Pleasant surprises often appear when least expected. Such was the case with little Royer Chapel, which sets back off winding Route 83 on Franklin Township Road 280, very near Wills Creek Dam in Coshocton County. Many claim that Royer Chapel is the smallest chapel in Ohio.
Originally built in 1897 through the efforts of Anne Royer, the chapel served as a memorial to her husband, Martin. Wood from an abandoned St. Nicholas Church and a stained glass window from old St. George Church were used in the construction.
When arriving at the chapel, a cross made of burnt wood stands out behind the Memorial Wall. Later information discloses that the original church was destroyed by arson on December 8, 2002 and rebuilt by men of the community a few years later. Two crosses were made from the burnt wood – one outside and another inside above the altar. Funds for constructing the new chapel were raised in part from memorial bricks engraved with the names of loved ones or contributors. The Memorial Wall standing out front was built with these same bricks.
Tiny Royer Family Chapel measures about ten feet wide by eighteen feet long, and is located near a cemetery where Martin and his daughter, Clara, were buried in 1888 and 1896 respectively. Clara’s monument, which was imported from France, displays a statue in her actual likeness. The chapel and cemetery were located across the road from the old family farm to accommodate Anne’s frequent visits.
Don and Esther Royer initiated the reconstruction process to keep alive family tradition started by Don’s great-great-aunt Anne. In ten days, four hundred friends and neighbors signed their petition for assistance, so they knew the community supported their plans to rebuild the chapel “just like it used to be”. Since Don and Esther’s wedding had taken place there years before, they had pictures showing exactly what it looked like inside. Those pictures made it easier for Don, in his own shop, to build new pews and windows to closely match the originals.The reconstructed chapel was built on a new foundation but maintained its original size.
In a recent phone conversation, Anne recalled her wedding day. The seven pews of Royer Chapel were crowded with twenty-one family members. When they turned to walk down the aisle, through the door she could see the yard outside the building filled with her fellow workers from the Coshocton Tribune.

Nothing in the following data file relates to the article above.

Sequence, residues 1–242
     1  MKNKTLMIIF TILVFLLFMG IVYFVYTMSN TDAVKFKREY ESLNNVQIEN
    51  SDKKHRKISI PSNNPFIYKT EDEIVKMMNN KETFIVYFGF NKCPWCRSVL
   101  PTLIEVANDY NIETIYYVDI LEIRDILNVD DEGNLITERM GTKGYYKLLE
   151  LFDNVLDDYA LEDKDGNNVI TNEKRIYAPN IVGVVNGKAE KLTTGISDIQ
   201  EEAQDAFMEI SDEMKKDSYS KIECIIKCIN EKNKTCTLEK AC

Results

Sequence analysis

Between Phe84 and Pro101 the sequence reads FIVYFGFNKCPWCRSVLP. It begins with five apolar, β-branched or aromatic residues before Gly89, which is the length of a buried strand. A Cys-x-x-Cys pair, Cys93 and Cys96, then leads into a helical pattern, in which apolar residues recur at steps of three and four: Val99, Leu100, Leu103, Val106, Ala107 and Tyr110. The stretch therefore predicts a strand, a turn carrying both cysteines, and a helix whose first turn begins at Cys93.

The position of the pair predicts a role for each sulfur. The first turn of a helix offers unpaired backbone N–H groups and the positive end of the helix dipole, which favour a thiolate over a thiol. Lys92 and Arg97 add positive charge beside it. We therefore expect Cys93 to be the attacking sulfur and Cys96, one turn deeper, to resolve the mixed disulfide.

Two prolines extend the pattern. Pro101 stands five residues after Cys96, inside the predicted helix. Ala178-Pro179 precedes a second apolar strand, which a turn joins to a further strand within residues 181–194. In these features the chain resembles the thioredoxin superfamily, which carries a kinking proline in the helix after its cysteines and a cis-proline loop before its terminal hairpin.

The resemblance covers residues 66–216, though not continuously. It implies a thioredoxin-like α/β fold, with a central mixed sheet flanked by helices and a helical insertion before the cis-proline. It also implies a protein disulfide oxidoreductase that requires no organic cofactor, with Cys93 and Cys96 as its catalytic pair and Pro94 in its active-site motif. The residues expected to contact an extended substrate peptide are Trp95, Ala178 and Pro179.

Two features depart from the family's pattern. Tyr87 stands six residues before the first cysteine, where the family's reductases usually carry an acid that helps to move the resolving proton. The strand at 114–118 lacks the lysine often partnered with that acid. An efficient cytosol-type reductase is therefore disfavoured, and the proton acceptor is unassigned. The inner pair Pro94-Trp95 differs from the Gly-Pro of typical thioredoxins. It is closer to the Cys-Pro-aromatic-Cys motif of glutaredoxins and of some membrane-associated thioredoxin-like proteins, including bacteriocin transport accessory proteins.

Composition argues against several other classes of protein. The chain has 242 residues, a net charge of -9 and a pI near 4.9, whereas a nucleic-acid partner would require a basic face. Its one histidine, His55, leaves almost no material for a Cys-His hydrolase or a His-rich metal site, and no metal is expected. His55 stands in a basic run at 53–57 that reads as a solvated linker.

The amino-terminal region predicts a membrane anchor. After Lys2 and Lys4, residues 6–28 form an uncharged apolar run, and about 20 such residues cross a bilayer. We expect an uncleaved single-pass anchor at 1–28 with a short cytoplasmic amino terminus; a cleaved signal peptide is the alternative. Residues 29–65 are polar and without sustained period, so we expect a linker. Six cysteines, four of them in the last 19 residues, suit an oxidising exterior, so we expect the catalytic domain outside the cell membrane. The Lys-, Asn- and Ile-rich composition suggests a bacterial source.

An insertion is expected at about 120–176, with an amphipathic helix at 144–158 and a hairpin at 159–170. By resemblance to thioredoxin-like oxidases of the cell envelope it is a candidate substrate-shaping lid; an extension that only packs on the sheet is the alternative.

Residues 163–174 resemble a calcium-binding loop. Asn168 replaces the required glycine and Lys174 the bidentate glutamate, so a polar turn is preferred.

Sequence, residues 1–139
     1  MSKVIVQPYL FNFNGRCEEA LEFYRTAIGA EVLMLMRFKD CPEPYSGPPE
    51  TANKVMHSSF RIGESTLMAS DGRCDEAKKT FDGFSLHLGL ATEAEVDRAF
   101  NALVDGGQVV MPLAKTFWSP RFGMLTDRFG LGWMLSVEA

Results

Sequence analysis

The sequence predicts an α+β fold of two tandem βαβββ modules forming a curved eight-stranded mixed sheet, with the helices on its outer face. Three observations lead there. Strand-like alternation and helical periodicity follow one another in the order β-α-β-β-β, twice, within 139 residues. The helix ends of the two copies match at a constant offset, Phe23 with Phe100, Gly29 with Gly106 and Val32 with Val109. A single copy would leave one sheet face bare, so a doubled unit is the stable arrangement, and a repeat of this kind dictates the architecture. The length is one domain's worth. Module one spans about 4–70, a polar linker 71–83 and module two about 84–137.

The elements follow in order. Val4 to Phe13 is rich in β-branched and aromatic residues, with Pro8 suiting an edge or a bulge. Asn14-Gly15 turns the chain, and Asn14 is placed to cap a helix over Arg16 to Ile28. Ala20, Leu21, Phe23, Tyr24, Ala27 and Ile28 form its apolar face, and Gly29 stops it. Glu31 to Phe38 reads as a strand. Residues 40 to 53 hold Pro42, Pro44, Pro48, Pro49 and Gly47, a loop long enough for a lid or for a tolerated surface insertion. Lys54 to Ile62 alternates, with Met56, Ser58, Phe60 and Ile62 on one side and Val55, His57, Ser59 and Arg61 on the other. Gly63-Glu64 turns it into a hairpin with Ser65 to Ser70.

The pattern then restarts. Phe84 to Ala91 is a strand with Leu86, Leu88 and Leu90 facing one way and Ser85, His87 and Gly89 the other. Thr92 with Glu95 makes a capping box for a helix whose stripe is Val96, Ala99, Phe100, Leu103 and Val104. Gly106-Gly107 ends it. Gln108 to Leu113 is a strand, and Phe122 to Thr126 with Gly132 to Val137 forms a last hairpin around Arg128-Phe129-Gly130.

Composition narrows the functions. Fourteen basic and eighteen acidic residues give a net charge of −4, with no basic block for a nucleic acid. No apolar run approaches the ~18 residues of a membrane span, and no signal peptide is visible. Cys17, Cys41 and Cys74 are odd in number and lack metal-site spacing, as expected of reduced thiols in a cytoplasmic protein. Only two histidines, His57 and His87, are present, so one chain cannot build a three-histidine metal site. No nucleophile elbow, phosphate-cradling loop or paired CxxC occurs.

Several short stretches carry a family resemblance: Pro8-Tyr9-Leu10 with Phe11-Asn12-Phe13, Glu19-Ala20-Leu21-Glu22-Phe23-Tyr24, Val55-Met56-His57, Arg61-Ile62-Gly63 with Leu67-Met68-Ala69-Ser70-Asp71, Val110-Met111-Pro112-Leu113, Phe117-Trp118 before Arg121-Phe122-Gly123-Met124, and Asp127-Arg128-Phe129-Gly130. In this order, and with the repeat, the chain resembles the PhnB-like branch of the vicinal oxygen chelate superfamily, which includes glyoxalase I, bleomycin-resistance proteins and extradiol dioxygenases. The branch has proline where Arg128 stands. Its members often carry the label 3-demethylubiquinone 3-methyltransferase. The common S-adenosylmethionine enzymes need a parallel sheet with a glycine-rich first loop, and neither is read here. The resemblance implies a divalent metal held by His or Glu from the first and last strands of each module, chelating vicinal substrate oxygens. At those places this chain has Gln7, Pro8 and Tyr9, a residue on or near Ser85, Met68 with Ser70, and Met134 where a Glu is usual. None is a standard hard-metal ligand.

Inside, a peaceful chapel scene appears when you gently open the door, which is never locked. At the front of the chapel, a table contains a prayer box surrounded by a wreath of flowers. The inscription on the side of the box reads: Where dreams come true. Inside the box are numerous requests written on slips of paper available on the table.
Here’s a great place to sit down and enjoy the silence of peace while reflecting on life and its many twists and turns – rather like the road leading to the chapel.
While electricity, water, and heat do not exist at Royer Chapel, services were held every Sunday until recently when they were changed to approximately once a year. Maybe you will want to take a half hour leisurely drive northwest of Cambridge and explore a hidden treasure nearby. You might even want to take a short drive to Wills Creek Dam. Waters flow north on Wills Creek from its beginning near Pleasant City to where it flows into the Muskingum River near Coshocton.
This little chapel on the hill serves as a reminder to be thankful for the small things in life – a smile, a card or email, the joy of each new day.
Royer Chapel can be reached traveling State Route 83. If traveling north from New Concord, Ohio you will pass through Bloomfield and head down the hill toward Wills Creek Dam. It is approximately 15 miles from New Concord to the dam. The church is difficult to spot unless you are watching. It sets on the east side of the road and can be clearly seen as soon as you turn onto Franklin Township Road 280, while Wills Creek Dam is on the west side about a mile down the road. Approaching from Coshocton on 83, directions are reversed.